I’d like to invite you to do a little experiment in empathy with me. Imagine yourself to be one of several children in your family. Now imagine that your younger brother is shot dead in the streets near your home. Try to imagine, if you can, what happens to your heart, your mind, your Mom, and your siblings. Try, if you can, to imagine that your brother’s death was preventable and that the person who killed him will go on living. Can you feel anything at all? And if you do, is it a tidy group of feelings? Do you feel you can trust the world at this point? Do you feel that you are safe? Do you believe that your mom is able to keep you safe? Do you wonder if somehow you should have or could have done something to stop your little brother from dying?
When I worked my way through these questions I found myself feeling heartbroken, crushed, empty, full of despair and rage, unmoored from my sense that the world has rules and that I can trust in my environment, the people I know, and those who are supposed to keep me safe.
Why am I asking you to do this? I’m asking you to do this because I want you to feel more connected to one of the young people I had the privilege to get to know during the Summer of 2018. For this child, and she is a child of just thirteen years, this is no thought experiment. It is her reality. Her little brother died in a shooting incident. And right after that her world and her beliefs about the world were transformed into a bleak and unforgiving environment. It’s not a very happy experiment is it?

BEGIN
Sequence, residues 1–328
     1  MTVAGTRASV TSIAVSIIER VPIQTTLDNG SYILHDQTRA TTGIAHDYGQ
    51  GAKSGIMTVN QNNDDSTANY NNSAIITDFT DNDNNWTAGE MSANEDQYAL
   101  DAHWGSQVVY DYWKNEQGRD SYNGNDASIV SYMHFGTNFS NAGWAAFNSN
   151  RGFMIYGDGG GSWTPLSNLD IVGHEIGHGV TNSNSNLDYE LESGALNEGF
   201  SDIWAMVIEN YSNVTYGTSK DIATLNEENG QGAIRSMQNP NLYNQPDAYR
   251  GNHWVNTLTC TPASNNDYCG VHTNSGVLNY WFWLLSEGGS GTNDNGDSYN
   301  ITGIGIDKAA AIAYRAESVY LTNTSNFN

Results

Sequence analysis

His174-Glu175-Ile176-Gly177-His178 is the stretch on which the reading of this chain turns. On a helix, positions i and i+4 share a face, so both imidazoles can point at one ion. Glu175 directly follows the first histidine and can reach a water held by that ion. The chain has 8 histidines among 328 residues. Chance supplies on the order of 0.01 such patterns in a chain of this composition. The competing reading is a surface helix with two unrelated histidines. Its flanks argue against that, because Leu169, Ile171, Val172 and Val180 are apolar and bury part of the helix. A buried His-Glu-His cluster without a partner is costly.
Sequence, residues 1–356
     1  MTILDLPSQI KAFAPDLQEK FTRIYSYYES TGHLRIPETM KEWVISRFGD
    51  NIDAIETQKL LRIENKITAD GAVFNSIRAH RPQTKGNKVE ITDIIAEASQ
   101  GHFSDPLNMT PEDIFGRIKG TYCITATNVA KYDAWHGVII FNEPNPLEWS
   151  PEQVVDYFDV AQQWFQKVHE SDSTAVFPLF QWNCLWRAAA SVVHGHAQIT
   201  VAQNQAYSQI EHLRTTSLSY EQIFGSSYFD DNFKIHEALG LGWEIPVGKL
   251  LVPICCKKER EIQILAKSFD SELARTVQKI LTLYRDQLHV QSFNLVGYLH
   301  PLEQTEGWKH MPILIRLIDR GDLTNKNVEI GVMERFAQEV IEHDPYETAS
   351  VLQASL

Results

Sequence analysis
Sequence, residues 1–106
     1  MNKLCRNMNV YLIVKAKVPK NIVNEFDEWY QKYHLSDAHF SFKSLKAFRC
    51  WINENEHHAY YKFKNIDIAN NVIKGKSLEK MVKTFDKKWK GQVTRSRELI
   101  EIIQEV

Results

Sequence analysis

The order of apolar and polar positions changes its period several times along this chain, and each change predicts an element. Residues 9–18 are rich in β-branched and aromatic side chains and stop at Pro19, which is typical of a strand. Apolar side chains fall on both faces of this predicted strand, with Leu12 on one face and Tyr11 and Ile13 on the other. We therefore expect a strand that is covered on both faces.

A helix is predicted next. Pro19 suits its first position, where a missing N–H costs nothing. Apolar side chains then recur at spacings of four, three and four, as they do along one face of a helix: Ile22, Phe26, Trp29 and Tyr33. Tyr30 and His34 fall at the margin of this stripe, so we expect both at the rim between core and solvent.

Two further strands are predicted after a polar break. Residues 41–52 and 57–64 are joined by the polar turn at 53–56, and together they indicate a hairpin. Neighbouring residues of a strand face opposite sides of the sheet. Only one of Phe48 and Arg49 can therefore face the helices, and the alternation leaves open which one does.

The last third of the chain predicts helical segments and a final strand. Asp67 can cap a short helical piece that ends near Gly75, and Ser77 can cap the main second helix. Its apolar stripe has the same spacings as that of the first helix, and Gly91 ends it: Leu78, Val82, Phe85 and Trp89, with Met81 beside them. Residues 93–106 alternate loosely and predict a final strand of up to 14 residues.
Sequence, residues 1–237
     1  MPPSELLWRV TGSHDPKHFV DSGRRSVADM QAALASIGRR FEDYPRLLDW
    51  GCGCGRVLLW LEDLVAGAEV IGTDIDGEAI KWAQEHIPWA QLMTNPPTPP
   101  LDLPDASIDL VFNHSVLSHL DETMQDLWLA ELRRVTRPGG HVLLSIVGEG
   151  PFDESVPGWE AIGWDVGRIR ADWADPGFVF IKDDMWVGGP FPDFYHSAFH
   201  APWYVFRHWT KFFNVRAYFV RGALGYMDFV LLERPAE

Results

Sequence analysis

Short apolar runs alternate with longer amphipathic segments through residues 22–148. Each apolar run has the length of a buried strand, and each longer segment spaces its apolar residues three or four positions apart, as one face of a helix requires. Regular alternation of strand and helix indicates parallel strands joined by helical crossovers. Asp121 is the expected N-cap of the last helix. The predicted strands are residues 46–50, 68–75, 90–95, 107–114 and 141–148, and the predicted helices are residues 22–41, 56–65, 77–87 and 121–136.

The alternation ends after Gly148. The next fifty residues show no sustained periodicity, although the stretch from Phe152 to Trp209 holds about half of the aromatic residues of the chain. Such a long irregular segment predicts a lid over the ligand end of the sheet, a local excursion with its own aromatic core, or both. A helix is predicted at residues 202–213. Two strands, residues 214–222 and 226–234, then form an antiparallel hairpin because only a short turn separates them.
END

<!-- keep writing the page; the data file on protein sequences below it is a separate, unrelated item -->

She acted – as we all do – from her beliefs and from within that quagmire of grief surrounding her. Those actions led to a child spinning out from this kind of trauma and grief landed her in jail. Why? Because she broke the rules by acting from that space.
For me the most devastating aspect of this process was revealed to me through the simplest of comments. This young lady asked me if her twin sister could come to our program for the last day. She wanted her sister to be able to see where she was, what she had done, and to go out with her in the boats. It was to be a day of celebration. She said to me: Can I bring my sister? A court representative overheard her request and replied, no. She said to me: She’s not bad like me, she’s the good one. She wouldn’t be any trouble. Imagine believing this about yourself; that you are “the bad one.”
What we believe about ourselves is what we become. Much of what we believe, we are not even conscious of. But the young lady had become the bad child.
I looked her in the eye in that moment. I could see she believed it. But I could also see that she did not want to be that, and she did not want to believe it. There was still a glint of hope in her eyes.